The Ratings Game: Nvidia’s stock suffers record plunge after analysts say it’s time to sell
Shares of Nvidia Corp. plunged on heavy volume on Thursday, after two Wall Street analysts swung to rare bearish ratings on the graphics chip maker, citing concerns over valuation and a tempered outlook for gaming.
Analyst Romit Shah at Instinet downgraded Nvidia to reduce from buy. Shah also slashed his stock price target to $ 90, which is 10% below current levels, after raising it to $ 100 from $ 80 just two weeks ago.
BMO Capital analyst Ambrish Srivastava dropped his rating to underperform, after being at market perform for at least the last 2 1/2 years. He cut his stock price target to $ 85, or 15% below current levels, after raising it to $ 100 from $ 75 less than three weeks ago.
Nvidia’s stock NVDA, +0.97% tumbled $ 10.27, or 9.3%, to suffer the biggest price decline since it went public in January 1999. The one-day percentage selloff was the stock’s biggest since it dropped 9.5% on Aug. 4, 2011. Volume spiked to 39.5 million shares, which was about 2 1/2-times the full-day average.
The stock has still more than tripled over the past 12 months, as investors rewarded the company for shifting its focus toward technologies used in artificial intelligence and autonomous cars. That compares with a 61% surge in the PHLX Semiconductor Index SOX, -0.04% and the S&P 500 index’s SPX, +0.15% 23% rally over the same time.
Only 5% of the companies covered by Instinet analysts were rated reduce through Wednesday, while 3.7% of U.S. companies covered by BMO were rated underperform. With Thursday’s downgrades, 15% of the 34 analysts surveyed by FactSet have the equivalent of a sell rating on Nvidia.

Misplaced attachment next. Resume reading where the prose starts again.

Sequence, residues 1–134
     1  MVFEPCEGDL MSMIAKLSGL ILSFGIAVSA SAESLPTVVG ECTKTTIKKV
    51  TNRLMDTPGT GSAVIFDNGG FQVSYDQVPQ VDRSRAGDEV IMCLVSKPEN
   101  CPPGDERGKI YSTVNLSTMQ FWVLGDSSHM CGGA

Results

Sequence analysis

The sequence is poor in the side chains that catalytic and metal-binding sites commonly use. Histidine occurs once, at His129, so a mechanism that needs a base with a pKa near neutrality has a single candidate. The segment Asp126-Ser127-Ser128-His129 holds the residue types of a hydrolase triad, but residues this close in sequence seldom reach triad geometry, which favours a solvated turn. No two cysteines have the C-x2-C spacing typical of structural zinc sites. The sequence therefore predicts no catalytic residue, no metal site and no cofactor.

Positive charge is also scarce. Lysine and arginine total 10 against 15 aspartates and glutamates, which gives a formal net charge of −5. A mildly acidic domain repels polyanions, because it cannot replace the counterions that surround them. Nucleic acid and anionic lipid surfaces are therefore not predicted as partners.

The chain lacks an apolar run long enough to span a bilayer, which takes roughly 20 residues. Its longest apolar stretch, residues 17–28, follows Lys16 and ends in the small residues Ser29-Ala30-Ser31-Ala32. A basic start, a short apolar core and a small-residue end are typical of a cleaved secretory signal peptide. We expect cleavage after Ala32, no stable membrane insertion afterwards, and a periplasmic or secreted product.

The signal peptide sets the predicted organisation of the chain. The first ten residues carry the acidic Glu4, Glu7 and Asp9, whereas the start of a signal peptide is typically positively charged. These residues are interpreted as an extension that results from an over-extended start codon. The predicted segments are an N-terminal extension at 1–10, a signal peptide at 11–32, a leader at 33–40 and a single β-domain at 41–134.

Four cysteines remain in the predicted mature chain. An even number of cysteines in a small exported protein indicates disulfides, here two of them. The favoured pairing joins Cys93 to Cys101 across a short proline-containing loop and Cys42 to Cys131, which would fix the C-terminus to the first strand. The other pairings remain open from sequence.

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Instinet’s Shah expressed concern that investors may soon become reluctant to pay such a relatively high premium for Nvidia’s stock, given how fickle they have been in the past. Nvidia’s price-to-earning ratio was 39.1, according to FactSet, above the P/E ratio for rival Intel Corp. INTC, +0.97% of 17.1 and for the S&P 500 average of 21.7.
“In addition to a significant premium to [comparisons], investors should recognize that the market’s enthusiasm for Nvidia’s emerging businesses is historically short-lived,” Shah wrote in a note to clients. “We believe consensus is underappreciating a slowdown in gaming and the potential impact to the multiple.”
He recommended investors use the money raised from selling Nvidia shares to buy Intel stock.
BMO’s Srivastava said he believes the stock is “overvalued at current levels,” given concerns that frenzy over fundamentals has started to cool and the potential for competitive pressures to emerge.
“We believe the perfect storm in fundamentals that drove the rarely seen magnitude of earnings upside is ebbing,” Srivastava wrote in a research note. “The competitive environment is going to look different as we go through the year, in both the gaming and data center business.”
He said current valuations aren’t yet pricing in any change in the competitive environment.
For chart watchers, Nvidia’s stock closed below its 50-day moving average for the first time since Feb. 17, 2016. That snapped a 256-session streak of closes above what many technicians view as a short-term trend tracker, the longest such stretch since in the stock’s history.